The Chicago Cubs decided Friday to pick up the team option on starting pitcher Cole Hamels, according to multiple reports.
Are you REALLY surprised?
Hamels arguably was the Cubs best pitcher once he was acquired in late July. In 12 starts on the north side, he a 4-3 record, 2.36 ERA and 1.10 WHIP and pitched through the sixth inning in eight of those outings.
The only potential roadblock was the money. Picking up the option costs the Cubs $20 million next season, and they expect to be active players in the pricey sweepstakes for Bryce Harper or Manny Machado.
Fortunately, the corresponding move to trade pitcher Drew Smyly to the Texas Rangers helps offset some of the money on Hamels’ option. Smyly, who spent most of last season rehabbing from Tommy John surgery, is owed $7 million in 2019.
The front office probably preferred to move Tyler Chatwood instead of Smyly. Smyly offers much more versatility as a bullpen arm and spot starter than Chatwood. Unfortunately, Chatwood’s horrendous 2018 campaign and bloated contract make him nearly unmovable.
Any trade involving Chatwood likely would require the Cubs to pay a large portion of the $25.5 million left on his deal. As a result, moving Chatwood really wouldn’t have helped offset costs from Hamels’ option.
Barring any surprising pitching moves this offseason, the starting rotation will be comprised of Hamels, Jon Lester, Yu Darvish, Kyle Hendricks and Jose Quintana. On paper, it looks like a very strong rotation, especially if everyone plays to their maximum potential.
However, that’s rarely the case in baseball. Unless luck stays on your side, injuries and slumps typically rear their ugly heads throughout the course of a 162-game season.
While the rotation looks strong based on namesake alone, injuries and age should be the biggest question marks in Cubs’ fans minds. Darvish is still an unknown after dealing with a lingering elbow injury most of last season. Can he overcome the physical and mental hurdles in 2019?
Hamels and Lester has strong finishes in 2018. However, both will turn 35 before the start of next season, and most starting pitchers lose a little velocity and durability with age. Having either Hamels or Lester lose their edge next year would make the Cubs rotation mediocre, especially if Darvish either misses time or experiences another slump.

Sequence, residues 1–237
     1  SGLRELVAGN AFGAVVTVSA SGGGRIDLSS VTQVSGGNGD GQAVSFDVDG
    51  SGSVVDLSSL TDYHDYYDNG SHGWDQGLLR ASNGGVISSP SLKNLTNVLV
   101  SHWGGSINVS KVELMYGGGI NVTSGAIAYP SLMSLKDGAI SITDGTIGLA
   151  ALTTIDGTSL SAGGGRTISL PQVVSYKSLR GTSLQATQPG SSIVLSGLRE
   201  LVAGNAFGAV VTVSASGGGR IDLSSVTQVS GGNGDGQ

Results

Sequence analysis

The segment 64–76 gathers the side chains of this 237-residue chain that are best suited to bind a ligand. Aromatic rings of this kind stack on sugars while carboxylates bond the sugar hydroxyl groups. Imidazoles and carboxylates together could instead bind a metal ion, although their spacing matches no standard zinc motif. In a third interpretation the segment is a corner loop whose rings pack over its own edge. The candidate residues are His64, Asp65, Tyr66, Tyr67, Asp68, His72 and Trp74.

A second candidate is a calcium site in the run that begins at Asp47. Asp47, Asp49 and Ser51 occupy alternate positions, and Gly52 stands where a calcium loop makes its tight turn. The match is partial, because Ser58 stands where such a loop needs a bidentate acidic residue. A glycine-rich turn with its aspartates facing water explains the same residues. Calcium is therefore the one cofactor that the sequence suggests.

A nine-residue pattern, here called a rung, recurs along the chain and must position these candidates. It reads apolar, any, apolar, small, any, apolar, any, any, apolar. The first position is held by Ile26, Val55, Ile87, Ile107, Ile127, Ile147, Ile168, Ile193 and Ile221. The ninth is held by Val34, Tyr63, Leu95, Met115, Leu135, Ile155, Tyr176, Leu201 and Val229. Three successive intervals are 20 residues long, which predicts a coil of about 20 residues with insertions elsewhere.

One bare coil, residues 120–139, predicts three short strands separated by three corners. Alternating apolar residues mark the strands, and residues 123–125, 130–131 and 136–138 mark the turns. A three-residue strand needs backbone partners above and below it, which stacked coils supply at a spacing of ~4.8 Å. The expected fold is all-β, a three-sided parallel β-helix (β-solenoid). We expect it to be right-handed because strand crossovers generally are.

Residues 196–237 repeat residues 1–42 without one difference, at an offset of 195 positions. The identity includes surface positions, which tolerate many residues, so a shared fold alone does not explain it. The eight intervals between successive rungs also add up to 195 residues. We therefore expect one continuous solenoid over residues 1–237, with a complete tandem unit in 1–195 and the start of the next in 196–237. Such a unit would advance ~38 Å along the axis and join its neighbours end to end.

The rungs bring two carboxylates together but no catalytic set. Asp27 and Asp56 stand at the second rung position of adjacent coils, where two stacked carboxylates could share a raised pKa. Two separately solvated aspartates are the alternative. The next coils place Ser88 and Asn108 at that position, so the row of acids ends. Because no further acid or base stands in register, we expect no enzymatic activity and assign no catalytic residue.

Last season, we caught a glimpse of what a funk would look like for Lester and Hamels. Lester played with fire throughout last season by pitching to contact, and he hit a minor wall around midseason. After starting the year with a 10-2 record, 2.18 ERA and 1.08 WHIP in 16 starts, he went 2-2 with a 6.81 ERA and 1.88 WHIP during a seven-start stretch between July and early August.
Before arriving on the north side July 27, Hamels went 5-9 with a 4.72 ERA and 1.37 WHIP in 20 starts with the Rangers. He ended up surrendering a career-high 29 home runs in 2018 with 23 coming before the trade. While some of those struggles were due to pitching in a hitter-friendly ballpark in Arlington, TX, he was also struggled with command before making mechanical changes .
Did he work out those kinks for good, or is there a chance they can return next season?
Given Hamels and Lester’s track records of making in-season adjustments, you should feel confident that they at least can be solid contributors. If both stay productive and Darvish pitches near his full potential, the Cubs’ rotation should be a threat in the National League next season.
Regardless of what occurs in 2019, bringing back Hamels was the right move now. The pending free agent market for starting pitching is suspect at best, and Hamels would’ve likely been top guy available had the Cubs decided to opt out (Clayton Kershaw being the only exception if he surprisingly opts out).
Even if Hamels isn’t the ace-caliber performer he was with the Cubs, would you rather have him at 70 percent or roll the dice with someone like Chatwood or Mike Montgomery?
The front office has bigger fish to fry this offseason than finding a new starting pitcher. Adding a big bat in the lineup and a solid late-inning reliever are the two biggest priorities for the Cubs this winter.
Bringing back Hamels gives the Cubs a reliable option heading into 2019. And sometimes, that’s just as good as a big splash.